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Marsh plant can effectively clean contaminated soil

Southern cattail (Typha domingensis) is a reedy marsh plant which inhabits fresh to slightly brackish waters and stands about five to 13 feet tall. A new study led by the University of São Paulo (USP) in Brazil has found that these marsh plants can scavenge up to 34 times more manganese from contaminated soils than other plants such as hibiscus, sedges, or rushes that inhabit similar environments. The findings demonstrate the Southern cattail’s potential for use in the sustainable rehabilitation of areas affected by iron mine tailings.

The scientists conducted the study in Regência on the Doce River estuary in the Espírito Santo state, an area that was flooded by part of the 50 million cubic meters of iron mining waste released when the Fundão tailings dam burst in November 2015 in Mariana, a city located in Minas Gerais (a neighboring state to Espírito Santo), leading to the worst environmental disaster in Brazilian history, which affected 41 towns and killed 19 people. 

Moreover, the toxic waste that reached the estuary about two weeks later is estimated to have contaminated 240.8 hectares of the Atlantic Rainforest and killed 14 metric tons of fish. While many projects to mitigate the damage have been launched since then, the estuary remains contaminated.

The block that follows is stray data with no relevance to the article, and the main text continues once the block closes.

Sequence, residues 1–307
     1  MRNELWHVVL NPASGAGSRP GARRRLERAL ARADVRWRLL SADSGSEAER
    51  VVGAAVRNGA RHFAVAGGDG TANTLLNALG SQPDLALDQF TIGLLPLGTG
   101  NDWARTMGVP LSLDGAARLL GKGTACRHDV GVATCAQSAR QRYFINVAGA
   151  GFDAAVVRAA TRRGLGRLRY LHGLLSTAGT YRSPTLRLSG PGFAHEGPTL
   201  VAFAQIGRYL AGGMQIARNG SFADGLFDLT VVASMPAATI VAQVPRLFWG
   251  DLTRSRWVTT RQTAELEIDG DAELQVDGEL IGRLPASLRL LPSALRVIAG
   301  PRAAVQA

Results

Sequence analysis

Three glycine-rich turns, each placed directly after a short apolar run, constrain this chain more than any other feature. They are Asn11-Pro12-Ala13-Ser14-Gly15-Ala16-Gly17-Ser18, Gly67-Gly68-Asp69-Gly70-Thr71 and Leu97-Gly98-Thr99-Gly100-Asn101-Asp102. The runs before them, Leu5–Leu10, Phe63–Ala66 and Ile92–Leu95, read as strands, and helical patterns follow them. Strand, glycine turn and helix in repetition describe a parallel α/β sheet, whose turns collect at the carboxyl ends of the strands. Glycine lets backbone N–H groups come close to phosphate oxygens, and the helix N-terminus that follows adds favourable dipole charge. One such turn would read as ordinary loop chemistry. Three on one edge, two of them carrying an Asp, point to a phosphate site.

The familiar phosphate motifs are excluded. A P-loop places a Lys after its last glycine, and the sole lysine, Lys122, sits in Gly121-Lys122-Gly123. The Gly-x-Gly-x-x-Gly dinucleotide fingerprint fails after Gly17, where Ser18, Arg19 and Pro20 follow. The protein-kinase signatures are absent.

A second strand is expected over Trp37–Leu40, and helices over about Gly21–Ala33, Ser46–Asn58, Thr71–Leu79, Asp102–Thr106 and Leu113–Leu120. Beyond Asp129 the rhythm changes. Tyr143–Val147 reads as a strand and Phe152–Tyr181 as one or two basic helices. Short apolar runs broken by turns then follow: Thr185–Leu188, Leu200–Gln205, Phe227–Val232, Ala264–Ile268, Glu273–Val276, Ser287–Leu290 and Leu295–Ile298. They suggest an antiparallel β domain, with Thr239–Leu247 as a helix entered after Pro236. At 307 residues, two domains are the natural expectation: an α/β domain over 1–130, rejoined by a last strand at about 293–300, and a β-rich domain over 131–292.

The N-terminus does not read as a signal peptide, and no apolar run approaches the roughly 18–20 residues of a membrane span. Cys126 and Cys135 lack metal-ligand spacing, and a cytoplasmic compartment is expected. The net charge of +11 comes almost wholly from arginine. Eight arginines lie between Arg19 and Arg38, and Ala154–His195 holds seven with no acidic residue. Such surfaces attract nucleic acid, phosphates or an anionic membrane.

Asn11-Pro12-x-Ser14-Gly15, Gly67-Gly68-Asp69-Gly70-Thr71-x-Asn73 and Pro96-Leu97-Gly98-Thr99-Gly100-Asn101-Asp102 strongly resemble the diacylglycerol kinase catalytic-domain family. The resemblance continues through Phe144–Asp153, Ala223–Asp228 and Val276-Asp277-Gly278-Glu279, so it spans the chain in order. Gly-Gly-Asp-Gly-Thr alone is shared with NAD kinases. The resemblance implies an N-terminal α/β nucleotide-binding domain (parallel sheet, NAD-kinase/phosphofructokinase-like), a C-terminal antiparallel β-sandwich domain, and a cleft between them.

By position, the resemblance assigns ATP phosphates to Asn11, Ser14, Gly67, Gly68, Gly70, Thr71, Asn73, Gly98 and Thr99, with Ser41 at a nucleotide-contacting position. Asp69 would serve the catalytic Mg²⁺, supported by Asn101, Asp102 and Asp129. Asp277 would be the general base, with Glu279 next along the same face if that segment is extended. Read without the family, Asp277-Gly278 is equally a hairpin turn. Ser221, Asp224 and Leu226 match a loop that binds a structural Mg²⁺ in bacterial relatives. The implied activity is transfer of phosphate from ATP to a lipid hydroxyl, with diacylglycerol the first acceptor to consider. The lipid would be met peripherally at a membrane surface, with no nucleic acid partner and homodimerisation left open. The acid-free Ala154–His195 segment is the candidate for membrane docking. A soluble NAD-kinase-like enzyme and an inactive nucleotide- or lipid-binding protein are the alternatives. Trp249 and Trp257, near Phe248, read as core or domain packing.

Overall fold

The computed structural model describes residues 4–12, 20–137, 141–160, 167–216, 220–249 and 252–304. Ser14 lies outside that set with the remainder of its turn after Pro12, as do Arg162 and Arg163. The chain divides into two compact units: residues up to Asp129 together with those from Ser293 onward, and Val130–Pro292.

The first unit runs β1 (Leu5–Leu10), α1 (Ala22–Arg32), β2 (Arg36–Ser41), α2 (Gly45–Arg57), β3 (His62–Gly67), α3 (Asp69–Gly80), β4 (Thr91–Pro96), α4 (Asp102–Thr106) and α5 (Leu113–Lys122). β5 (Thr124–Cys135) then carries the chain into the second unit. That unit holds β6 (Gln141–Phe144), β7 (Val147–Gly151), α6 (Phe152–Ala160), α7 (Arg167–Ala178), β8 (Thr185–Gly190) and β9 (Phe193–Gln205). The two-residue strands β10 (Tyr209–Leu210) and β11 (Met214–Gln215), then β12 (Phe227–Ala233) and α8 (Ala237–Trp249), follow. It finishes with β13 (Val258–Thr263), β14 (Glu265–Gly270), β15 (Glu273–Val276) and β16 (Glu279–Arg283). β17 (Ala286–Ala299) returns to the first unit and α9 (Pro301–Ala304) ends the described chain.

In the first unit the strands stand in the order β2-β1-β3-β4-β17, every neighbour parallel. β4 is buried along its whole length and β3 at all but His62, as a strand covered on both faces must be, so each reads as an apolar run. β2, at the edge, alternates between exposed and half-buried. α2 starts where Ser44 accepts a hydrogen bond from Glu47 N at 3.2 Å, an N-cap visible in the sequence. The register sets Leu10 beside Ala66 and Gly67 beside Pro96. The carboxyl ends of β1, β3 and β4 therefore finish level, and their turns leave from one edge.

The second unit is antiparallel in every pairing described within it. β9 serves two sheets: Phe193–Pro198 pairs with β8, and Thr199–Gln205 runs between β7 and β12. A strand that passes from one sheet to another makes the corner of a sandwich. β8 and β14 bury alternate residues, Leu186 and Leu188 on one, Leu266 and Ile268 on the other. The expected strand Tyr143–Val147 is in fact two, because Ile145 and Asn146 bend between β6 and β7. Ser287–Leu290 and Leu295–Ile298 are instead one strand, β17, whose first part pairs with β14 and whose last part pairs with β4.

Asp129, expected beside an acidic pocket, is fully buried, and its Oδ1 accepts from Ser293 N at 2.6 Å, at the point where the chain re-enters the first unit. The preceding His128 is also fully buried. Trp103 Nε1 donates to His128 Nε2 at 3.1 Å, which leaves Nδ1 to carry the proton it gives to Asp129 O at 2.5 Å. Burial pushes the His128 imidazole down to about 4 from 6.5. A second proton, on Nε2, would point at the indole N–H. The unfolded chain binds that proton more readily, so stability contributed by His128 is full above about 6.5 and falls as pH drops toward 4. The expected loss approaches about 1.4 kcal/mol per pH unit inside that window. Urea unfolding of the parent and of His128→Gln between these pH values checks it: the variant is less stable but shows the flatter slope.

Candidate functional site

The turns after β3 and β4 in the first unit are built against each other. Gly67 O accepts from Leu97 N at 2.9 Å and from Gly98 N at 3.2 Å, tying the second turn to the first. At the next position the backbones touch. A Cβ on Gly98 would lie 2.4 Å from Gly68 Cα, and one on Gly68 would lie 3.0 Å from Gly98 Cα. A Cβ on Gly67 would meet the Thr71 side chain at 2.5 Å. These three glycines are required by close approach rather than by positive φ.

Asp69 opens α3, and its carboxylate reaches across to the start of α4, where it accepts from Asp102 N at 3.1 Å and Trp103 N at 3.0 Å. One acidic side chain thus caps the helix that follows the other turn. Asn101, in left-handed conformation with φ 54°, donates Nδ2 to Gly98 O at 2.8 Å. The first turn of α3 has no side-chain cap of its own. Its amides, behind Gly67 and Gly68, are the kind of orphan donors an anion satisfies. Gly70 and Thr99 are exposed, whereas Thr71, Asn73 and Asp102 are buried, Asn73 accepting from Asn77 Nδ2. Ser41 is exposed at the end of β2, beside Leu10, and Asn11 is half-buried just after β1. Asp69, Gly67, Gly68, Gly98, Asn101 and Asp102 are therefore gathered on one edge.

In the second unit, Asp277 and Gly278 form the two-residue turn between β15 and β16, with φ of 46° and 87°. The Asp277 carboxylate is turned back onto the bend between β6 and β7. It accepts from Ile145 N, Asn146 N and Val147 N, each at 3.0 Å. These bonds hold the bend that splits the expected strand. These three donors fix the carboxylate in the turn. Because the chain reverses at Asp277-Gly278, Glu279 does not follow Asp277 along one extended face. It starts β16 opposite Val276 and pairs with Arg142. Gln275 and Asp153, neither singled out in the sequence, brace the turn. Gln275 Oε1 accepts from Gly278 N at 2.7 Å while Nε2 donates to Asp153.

Now, the scientists discovered that the Southern cattail can effectively extract and remove elemental pollutants or lower their bioavailability in soil through a process called phytoremediation. 

“We knew from research by others that manganese is a problem in the region, contaminating the water, soil and fish. When we went to the area affected by iron ore tailings, we expected to find that T. domingensis and Eleocharis acutangula [Acute spikerush] accumulated more manganese than H. tiliaceus, a tree species found in the area, but the results showed that T. domingensis can accumulate 13 times more manganese in its aerial parts than the other two species,” explained study lead author Amanda Duim Ferreira, a PhD student in Soil Science at USP.

“These discoveries open up a range of possibilities for the use of phytoremediation. Knowledge of absorption mechanisms can be a basis for growing T. domingensis via different strategies to obtain optimal results,” added study senior author Professor Tiago Ferreira.

“We’re applying several techniques on the basis of what we know about the best time for planting and the number of harvests per year to increase biomass production and remove the most manganese and iron,” concludes Ferreira.

The study is published in the Journal of Cleaner Production.  

By Andrei Ionescu, Staff Writer  

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